A wafer cut from a kiln-dried plank of white ash shows no symptoms of stress (left). Another section from the same plank, after resawing (center) reveals the casehardened condition (tension in core, compression in shell). Kiln operators cut fork-shaped sections that reveal casehardening when prongs curve inward (right).
Most of the boards in the drying shed at left are restrained by the weight of the others. At right is a similar, simpler setup, where the wood is protected by a sheet of corrugated plastic. In both cases, the boards are stacked in the sequence they came off the saw.
Red oak end grain cut with a ripsaw (right), which mangles the cell structure, and with a crosscut saw (left), which severs the fibers cleanly.
I've posted yet more walk photos. This time, from just under two weeks ago, it's 12 miles of intrepid exploration around the unspoilt wilderness landscape of... Hemel Hempstead.
Pictures and text
Featuring pirates, upside-down boats, and flammable quarantine.
The Jimi Wallet is a minimalist hard-shell plastic case design. It’s the perfect antidote to the “Costanza Wallet” syndrome my dad had, because it forces you to discard all but what you really need.
The Jimi has room for exactly three pieces of plastic, a security access card, and a money clip that holds 5-6 bills. That’s it.
The Jimi pops open with a bit of pressure applied to a few dimples. You can do it easily with one hand without looking.
I have owned several Jimis over the last decade. The build quality is excellent. Realistically, I find that I get three years of daily use out of one before the plastic joint starts to fray. I am okay with this, because it gives me the opportunity to get a new color.
I’ve got nothing against slim leather or cloth wallets, but the Jimi is what works for me. It was the wallet equivalent of coming in from the cold. I can say with no exaggeration that I get a minimum of one compliment a week on it when I pull it out in stores or restaurants. People see it an intuitively get that it’s an evolution.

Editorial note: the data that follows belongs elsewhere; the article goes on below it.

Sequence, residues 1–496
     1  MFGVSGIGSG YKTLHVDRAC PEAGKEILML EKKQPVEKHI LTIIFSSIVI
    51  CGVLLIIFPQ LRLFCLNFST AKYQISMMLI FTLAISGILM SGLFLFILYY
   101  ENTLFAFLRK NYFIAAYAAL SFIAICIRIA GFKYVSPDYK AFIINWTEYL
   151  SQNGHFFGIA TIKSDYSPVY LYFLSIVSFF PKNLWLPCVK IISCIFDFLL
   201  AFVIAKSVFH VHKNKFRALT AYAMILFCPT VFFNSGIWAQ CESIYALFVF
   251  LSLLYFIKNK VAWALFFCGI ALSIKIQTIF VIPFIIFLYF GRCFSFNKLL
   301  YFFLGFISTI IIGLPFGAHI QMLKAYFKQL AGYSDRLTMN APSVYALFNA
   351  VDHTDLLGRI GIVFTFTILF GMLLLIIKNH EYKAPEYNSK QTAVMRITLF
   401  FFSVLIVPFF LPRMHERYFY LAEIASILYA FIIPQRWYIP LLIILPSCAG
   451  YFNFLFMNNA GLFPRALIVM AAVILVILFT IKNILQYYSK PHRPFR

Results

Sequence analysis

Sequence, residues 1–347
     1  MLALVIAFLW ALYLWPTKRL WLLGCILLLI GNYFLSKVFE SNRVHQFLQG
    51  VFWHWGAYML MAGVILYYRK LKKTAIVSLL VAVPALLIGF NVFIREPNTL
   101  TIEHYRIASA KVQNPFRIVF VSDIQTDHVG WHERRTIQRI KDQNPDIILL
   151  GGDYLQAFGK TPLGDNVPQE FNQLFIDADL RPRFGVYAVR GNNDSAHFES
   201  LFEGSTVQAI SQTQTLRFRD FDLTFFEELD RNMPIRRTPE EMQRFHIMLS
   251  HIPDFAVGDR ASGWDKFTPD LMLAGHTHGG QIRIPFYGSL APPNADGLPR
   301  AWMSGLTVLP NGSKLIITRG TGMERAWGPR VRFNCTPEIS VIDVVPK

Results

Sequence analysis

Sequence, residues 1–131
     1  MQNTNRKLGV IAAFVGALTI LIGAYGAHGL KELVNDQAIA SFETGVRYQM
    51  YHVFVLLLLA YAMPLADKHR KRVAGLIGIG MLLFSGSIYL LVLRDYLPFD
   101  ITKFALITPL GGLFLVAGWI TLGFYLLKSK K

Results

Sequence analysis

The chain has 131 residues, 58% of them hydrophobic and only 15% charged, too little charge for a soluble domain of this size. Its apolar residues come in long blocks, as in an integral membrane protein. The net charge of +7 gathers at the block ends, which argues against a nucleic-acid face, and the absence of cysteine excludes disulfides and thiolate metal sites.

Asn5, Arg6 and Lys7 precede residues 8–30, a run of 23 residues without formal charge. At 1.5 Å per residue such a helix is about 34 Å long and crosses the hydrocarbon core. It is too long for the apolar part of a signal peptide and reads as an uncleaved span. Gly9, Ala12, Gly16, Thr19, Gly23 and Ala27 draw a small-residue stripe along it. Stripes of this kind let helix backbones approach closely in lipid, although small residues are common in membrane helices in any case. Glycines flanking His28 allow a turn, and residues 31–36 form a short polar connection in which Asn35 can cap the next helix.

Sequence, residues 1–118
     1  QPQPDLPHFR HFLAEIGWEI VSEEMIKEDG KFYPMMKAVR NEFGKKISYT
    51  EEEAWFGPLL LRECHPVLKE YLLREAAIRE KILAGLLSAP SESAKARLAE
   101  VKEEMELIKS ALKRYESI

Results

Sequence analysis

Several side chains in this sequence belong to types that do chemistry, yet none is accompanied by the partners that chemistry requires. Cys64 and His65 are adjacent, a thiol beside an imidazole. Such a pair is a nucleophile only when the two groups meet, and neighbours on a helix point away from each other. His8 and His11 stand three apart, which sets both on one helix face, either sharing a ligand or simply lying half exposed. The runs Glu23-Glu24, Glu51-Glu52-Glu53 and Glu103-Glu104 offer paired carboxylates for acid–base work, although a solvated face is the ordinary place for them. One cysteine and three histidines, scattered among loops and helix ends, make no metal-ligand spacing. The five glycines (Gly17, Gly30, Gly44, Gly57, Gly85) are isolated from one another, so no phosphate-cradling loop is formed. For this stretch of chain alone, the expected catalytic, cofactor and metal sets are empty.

-- Pete Forde
Available from Amazon
Manufactured by Jimi
well lj lost my last post, but it was about Marvel's Agents of SHIELD being picked up, which is old news now so there is no point in re-posting it.
I saw Star Trek Into Darkness today, and I really loved it. My friend ishtar79 described it as 'meh', so my expectations were low (that might have improved it? because I wasn't expecting much?), but regardless I found it to be exciting, tightly plotted, and lots of funny dialogue. It was very entertaining... but I skipped the 3-D, I've been making it a point to skip the 3-D these days. Unless I think the movie will be another Hugo or Life of Pi, then there is no reason to bother with the 3-D.
Yesterday I was watching stuff off my DVR and I finally saw Rachel, Rachel (starring Joanne Woodward, produced & directed by Paul Newman), I had never seen it before and it was so brilliant. Really something special.
Cool Tools is giving away a copy of the book, Getting Started with Arduino* to one person who signs up for the Cool Tools Newsletter betwe</em>en now and Thursday, May 23 at 10pm PT. (Current newsletter subscribers are automatically included in the running.)
From the publisher’s description:
Arduino is the open-source electronics prototyping platform that’s taken the design and hobbyist world by storm. This thorough introduction, updated for Arduino 1.0, gives you lots of ideas for projects and helps you work with them right away. From getting organized to putting the final touches on your prototype, all the information you need is here!
Inside, you’ll learn about:
Interaction design and physical computing
The Arduino hardware and software development environment
Basics of electricity and electronics
Prototyping on a solderless breadboard
Drawing a schematic diagram
Getting started with Arduino is a snap. To use the introductory examples in this guide, all you need an Arduino Uno or earlier model, along with USB A-B cable and an LED. The easy-to-use Arduino development environment is free to download.
Join hundreds of thousands of hobbyists who have discovered this incredible (and educational) platform. Written by the co-founder of the Arduino project, Getting Started with Arduino gets you in on all the fun!
We’ll pick one newsletter subscriber at random to receive the giveaway. We hold giveaways every Friday, so if you aren’t selected this time, try again next week.